Wednesday, November 18, 2009

A backlog of Trent McCotter's columns

Apparently Trent McCotter's brief stint writing thought-provoking articles about stats and sports for the News & Observer has come to an end. I'm disappointed by this, because I enjoyed each of his columns (not just the two we previously linked to from here). Indeed, I've been asking him every week for the past month whether a new one was coming or not. His columns were concise, and I know Trent well enough to know that he could have found a lot more to write about each topic. I'm certain it can't be an easy task to condense such thoughts into the strictly allotted newspaper space.

Trent's stories that appeared are still online:

How to fix the 'perfect game'

Zimmerman best in state at hitting streaks

'Tiger-proofing' golf courses yields surprises

Time to monkey around with BCS?

Ichiro a version of Wee Willie Keeler

The 'hot hand' in basketball: Does it exist?

Statistics gaffes highlight sports history

When is a conversion worth the risk?

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Sunday, September 13, 2009

Trent McCotter talks about the monkeys

A quick but big thank you to Trent McCotter for mentioning our random walker "monkey" rankings in his latest column! See "Time to monkey around with the BCS?"

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Sunday, August 23, 2009

Quarterback ratings

Trent McCotter is back again as one of the targets of links in today's post, courtesy of his first column in the The News & Observer, which he will write in his copious spare time as a UNC law student. Yesterday, I sang the praises of Steve Strogatz, so now it's Trent's turn. One of the outwardly most mellow people I know, Trent's outward calm conceals a strong passion for sports statistics. A four time winner of the Jack Kavanagh Memorial Youth Baseball Research Award from SABR (three times in the college division, once in the high school division), Trent distinguishes himself by frequently taking a different tack in his work while also delving into the detailed numbers when needed.

In "How to fix the 'perfect game'," Trent avoids the details of the quarterback ratings definition and gets right to the interesting issue of the recent prevalence of perfect passer rating performances, wondering along the way quite how perfect they are.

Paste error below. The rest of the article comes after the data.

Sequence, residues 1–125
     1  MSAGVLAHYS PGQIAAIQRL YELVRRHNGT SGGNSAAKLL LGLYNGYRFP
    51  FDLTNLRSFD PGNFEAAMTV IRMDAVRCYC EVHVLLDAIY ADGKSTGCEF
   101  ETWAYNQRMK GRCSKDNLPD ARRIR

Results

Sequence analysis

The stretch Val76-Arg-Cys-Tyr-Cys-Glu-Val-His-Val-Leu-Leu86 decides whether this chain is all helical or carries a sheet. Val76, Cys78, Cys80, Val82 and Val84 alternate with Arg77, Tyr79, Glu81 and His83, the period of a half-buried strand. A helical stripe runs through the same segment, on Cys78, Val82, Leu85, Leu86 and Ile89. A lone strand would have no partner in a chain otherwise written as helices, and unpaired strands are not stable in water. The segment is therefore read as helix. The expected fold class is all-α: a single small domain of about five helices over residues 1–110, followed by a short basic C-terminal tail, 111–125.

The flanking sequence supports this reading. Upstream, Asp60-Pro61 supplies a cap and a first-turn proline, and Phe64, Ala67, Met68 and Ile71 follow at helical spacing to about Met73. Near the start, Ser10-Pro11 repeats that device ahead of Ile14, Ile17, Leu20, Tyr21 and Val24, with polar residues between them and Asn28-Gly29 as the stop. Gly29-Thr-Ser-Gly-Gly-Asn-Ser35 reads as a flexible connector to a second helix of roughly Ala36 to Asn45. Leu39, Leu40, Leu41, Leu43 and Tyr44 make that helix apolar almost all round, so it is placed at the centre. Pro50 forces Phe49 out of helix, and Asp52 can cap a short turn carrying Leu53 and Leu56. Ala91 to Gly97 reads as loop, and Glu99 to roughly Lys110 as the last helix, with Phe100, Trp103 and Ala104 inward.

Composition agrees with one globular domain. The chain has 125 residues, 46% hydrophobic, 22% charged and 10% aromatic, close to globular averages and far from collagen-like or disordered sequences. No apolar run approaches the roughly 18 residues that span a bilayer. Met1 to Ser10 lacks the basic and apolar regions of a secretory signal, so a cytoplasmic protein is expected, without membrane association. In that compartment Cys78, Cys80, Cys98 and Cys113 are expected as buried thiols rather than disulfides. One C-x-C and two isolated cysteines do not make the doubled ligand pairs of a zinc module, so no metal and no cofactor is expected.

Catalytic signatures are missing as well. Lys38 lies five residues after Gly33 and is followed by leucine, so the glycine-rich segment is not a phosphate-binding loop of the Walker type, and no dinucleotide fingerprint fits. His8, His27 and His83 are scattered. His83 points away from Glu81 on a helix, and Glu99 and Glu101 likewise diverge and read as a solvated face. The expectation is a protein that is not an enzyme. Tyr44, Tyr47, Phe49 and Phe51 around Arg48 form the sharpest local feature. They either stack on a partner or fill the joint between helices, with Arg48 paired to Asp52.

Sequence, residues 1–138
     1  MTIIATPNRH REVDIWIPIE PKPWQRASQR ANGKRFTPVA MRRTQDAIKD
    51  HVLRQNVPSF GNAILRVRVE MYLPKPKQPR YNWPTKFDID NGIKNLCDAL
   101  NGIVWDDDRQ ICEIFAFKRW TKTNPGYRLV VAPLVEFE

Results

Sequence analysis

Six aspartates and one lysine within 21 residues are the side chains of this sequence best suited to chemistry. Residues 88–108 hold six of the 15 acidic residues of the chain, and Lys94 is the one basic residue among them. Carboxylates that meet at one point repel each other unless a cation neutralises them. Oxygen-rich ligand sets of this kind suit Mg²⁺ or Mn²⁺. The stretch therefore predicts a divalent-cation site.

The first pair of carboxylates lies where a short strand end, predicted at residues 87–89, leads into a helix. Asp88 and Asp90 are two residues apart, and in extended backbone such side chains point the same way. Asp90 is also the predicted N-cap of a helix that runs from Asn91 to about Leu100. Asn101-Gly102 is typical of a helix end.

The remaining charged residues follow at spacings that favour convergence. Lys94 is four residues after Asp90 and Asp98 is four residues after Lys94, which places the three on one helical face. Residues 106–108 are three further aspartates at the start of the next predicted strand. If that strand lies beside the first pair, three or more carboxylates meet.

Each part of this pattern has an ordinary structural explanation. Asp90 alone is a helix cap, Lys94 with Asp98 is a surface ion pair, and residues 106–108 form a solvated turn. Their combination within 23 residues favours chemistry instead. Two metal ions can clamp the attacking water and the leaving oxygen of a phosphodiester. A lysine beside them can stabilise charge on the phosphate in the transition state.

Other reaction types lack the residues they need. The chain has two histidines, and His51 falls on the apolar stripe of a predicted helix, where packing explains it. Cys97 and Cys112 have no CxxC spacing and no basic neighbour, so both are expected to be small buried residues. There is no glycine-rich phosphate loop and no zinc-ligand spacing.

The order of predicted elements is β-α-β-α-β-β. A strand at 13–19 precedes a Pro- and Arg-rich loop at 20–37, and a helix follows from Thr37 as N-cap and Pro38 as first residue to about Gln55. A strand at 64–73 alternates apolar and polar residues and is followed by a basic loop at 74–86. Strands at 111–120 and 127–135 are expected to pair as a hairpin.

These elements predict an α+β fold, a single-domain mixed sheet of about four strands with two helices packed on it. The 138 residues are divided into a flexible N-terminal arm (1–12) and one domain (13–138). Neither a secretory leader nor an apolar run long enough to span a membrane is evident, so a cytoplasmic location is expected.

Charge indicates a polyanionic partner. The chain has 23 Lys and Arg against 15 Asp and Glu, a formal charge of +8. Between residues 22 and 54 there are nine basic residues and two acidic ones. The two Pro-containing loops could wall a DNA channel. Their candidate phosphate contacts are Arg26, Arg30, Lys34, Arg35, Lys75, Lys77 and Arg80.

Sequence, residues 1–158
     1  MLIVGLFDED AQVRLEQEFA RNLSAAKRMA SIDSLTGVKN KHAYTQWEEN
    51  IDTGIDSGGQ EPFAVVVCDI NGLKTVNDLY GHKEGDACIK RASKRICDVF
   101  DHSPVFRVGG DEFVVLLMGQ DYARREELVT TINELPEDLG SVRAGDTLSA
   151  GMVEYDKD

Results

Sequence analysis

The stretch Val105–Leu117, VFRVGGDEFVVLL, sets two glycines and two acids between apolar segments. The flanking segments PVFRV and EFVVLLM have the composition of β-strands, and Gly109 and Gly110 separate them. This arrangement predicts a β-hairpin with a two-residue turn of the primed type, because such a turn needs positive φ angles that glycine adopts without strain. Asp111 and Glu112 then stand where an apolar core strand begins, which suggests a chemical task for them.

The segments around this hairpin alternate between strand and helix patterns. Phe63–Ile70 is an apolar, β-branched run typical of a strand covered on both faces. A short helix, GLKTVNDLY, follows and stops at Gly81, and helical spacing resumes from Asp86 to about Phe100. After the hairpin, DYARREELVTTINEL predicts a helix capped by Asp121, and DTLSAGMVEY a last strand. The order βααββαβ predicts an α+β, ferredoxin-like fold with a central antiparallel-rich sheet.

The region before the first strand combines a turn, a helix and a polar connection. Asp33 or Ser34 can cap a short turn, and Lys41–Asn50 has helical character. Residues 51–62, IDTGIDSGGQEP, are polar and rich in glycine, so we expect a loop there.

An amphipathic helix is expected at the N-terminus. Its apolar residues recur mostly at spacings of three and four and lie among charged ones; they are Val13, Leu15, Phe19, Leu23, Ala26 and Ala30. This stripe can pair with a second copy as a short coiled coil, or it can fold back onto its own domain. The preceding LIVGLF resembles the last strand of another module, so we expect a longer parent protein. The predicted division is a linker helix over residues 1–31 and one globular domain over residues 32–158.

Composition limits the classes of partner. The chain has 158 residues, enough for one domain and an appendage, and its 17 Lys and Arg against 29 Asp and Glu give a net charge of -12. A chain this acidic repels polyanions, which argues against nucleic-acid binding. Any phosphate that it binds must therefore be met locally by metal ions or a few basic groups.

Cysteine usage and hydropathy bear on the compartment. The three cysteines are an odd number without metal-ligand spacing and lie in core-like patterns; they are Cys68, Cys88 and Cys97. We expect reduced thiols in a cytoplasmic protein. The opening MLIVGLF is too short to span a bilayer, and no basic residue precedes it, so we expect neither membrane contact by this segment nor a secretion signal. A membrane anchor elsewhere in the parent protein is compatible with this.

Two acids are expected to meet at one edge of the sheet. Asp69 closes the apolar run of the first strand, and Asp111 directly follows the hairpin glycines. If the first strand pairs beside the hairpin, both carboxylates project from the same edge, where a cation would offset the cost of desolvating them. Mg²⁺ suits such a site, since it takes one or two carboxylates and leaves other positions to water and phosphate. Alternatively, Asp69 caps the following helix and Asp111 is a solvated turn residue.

While we're talking about quarterback ratings and looking forward to the upcoming season, check out "Vick as a Quarterback? He’s Underrated" by Brian Burke of Advanced NFL Stats in The Fifth Down (both sites are full of interesting items). Without getting into recalculations of possible quarterback ratings, Burke's discussion about more conventional statistics makes clear that neither they nor quarterback ratings tell the whole story.

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Saturday, August 22, 2009

The Mathematics of Hitting Streaks

With the hope that there's actually someone other than my coauthors reading these posts once the college football season arrives (when the hits to the old page understandably ramped up in past years), one of the upsides to transitioning to a blog is to provide easy pointers to other interesting work in the mathematics and statistics of sports.

There are a pair of papers about hitting streaks that have appeared on arXiv.org in the past year. Making things particularly interesting, these two papers take completely different methodological approaches. Sam Arbesman and Steve Strogatz "examine Joe DiMaggio’s 56-game hitting streak and look at its likelihood, using a number of simple models. And it turns out that, contrary to many people’s expectations, an extreme streak, while unlikely in any given year, is not unlikely to have occurred about once within the history of baseball." Meanwhile, Trent McCotter uses permutation tests to find that there appear to have been a significantly larger number of 20-25 game streaks in real life than one would obtain in an independent-games model. You can hear Steve talk more about both studies in a Radiolab podcast from earlier this summer.

Finally, for perhaps the only timely element of this post, Steve has a new book just out this past week, The Calculus of Friendship: What a Teacher and a Student Learned about Life while Corresponding about Math. If it's like everything else Steve does, it will be amazing.

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Addition (29Aug): For more discussion about hitting streaks, other streaks, and the way that people tend to overinterpret streaks, check out Leonard Mlodinow's interesting WSJ essay, "The Triumph of the Random."

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Another addition (31Aug): Trent McCotter's second N&O column is about hitting streaks, with a decidedly local-to-NC flavor ("Zimmerman best in state at hitting streaks").

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